Metropolitan Planning Council
Kayak rides, fishing lessons and chances to draw a vision for the rivers were a few of the family-friendly activities we offered participants.
- By Kara Riggio and MPC Research Assistant Isobel Araujo
- May 13, 2015
Where would you be able to find kayakers, pedestrians, small children, environmentalists, bikers, fishers, food truck enthusiasts and beer lovers together in the same place at the same time? This past Saturday, May 9, that same group gathered to celebrate Chicago River Day on the old railroad bridge connecting Goose Island to North Avenue. Apart from the face painting, the music provided by Windy City Soul Club, the kayak demos, the fishing lessons and Goose Island beer offered at the event, party goers got the chance to express their ideas for improving the Chicago River through surveys, maps and imaginative doodling.
Chicago River Day is an initiative of Friends of the Chicago River, and involves a day of volunteering and environmental advocacy at more than 60 locations along the river. Passionate citizens spent Saturday morning cleaning up riverbanks and learning about Chicago’s river system, and then celebrated with the Metropolitan Planning Council (MPC) and Friends of the Chicago River on Goose Island in the afternoon.
Community engagement is essential to the work of MPC and Friends of the Chicago River, especially with regards to our new joint initiative, Great Rivers Chicago. This project will develop and implement a plan to realize the full economic, environmental and recreational potential of Chicago’s river system. But first, input and advice from local businesses owners, residents and community leaders is necessary.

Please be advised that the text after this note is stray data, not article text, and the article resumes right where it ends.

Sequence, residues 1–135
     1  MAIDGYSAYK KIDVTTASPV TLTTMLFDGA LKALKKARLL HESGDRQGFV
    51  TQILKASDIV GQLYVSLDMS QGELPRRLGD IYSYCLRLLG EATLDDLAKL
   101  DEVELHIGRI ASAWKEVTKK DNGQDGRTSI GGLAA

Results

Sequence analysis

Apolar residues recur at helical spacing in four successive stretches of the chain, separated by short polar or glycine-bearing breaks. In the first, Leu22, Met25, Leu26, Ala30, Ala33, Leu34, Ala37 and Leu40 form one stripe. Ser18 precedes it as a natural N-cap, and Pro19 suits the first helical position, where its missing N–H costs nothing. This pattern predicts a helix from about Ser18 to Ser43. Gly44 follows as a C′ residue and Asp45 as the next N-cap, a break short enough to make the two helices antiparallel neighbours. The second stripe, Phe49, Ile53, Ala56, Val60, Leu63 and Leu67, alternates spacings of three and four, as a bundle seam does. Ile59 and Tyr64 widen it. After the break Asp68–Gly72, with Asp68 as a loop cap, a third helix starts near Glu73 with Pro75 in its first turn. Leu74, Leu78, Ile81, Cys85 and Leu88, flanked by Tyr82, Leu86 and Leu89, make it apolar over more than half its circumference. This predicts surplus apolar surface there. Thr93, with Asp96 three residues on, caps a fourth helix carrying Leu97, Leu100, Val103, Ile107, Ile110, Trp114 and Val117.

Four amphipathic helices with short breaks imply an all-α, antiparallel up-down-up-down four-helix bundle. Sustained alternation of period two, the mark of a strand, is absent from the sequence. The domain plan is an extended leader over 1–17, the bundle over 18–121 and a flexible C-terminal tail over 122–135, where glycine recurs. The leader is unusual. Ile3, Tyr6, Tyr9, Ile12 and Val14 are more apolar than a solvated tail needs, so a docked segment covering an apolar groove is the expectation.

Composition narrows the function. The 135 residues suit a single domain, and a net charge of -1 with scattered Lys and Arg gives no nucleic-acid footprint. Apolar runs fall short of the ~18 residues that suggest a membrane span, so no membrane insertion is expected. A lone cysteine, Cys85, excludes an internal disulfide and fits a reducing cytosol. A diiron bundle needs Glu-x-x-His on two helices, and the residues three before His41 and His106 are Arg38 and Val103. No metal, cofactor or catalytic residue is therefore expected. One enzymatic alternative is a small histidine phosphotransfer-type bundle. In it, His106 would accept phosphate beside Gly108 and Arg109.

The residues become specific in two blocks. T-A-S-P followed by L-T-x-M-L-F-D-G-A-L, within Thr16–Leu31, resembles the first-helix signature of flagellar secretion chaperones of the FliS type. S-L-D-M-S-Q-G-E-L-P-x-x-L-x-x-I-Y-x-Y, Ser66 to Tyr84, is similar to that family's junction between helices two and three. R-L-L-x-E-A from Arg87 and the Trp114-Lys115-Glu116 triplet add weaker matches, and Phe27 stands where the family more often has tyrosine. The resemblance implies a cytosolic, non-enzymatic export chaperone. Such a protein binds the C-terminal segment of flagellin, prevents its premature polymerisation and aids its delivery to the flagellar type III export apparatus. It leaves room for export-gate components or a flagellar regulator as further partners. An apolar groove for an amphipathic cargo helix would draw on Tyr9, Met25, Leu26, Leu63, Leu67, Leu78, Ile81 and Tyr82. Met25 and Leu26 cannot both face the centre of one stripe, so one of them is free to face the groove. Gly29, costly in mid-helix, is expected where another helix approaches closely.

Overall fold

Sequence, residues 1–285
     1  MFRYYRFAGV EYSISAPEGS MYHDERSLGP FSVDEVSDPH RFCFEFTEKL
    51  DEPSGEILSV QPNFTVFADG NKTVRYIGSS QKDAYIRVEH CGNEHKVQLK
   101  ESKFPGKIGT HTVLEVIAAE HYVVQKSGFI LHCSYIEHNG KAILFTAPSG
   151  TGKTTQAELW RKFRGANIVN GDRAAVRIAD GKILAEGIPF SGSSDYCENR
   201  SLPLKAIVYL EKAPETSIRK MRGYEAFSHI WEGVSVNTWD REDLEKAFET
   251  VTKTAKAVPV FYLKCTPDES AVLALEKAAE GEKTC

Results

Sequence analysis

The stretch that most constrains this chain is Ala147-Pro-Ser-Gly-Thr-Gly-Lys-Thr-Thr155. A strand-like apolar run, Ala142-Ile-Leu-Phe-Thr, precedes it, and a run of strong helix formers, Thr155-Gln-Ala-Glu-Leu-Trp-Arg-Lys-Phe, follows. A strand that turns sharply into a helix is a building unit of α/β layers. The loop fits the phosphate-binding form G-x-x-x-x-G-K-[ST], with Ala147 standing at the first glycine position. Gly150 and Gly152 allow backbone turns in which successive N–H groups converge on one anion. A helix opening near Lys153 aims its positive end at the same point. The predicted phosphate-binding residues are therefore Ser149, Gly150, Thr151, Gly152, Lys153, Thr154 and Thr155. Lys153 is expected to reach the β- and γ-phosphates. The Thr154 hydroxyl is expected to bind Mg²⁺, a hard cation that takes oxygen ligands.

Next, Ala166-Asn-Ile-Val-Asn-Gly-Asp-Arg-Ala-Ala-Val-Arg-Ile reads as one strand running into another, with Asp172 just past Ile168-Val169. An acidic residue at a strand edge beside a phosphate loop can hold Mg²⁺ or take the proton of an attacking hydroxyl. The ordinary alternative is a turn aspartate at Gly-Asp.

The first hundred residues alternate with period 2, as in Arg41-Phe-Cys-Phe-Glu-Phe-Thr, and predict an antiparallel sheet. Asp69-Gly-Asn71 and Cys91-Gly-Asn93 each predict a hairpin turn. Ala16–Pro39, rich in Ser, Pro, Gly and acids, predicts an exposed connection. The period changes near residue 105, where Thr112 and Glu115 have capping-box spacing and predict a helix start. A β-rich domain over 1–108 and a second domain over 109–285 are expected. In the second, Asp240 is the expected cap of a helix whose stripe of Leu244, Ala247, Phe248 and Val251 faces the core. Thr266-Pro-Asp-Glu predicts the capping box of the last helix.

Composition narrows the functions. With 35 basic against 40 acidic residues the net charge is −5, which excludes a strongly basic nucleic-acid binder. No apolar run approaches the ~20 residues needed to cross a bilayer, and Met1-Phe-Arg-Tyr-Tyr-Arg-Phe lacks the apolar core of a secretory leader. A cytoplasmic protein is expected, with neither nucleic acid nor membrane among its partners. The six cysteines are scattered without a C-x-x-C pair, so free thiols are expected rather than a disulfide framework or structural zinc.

What made this event so special? In reality, it was equal parts research opportunity and party. MPC staff gathered valuable survey information from Chicago residents on the river during the event, and inspired community members drew pictures of what they wanted to see on the river, including boats, fish and bike paths (as well as a few doodles of sharks, mermaids and dolphins from younger participants).
My favorite part of the day occurred as I was sitting on the railroad bridge overlooking the river, eating my food truck french fries and watching kayakers float along the river and a man approached me to ask about the event. He shared that he had grown up across from the bridge that we were on, and that he used to go down and hang out on the riverbank as a teenager. He said the landscape had changed a lot since then, but that he still had a lot of ideas for integrating the river into the community.
As a Chicago native I had never really thought of the river system as a resource, but rather as just a fixture of the landscape (and an often hidden, inaccessible fixture at that). Many residents, however, have already been thinking about what an improved river might look like. Chicagoans never seem to fall short of opinions, and in order to fully realize the Chicago River as a resource, MPC will turn to the people of Chicago as a resource first.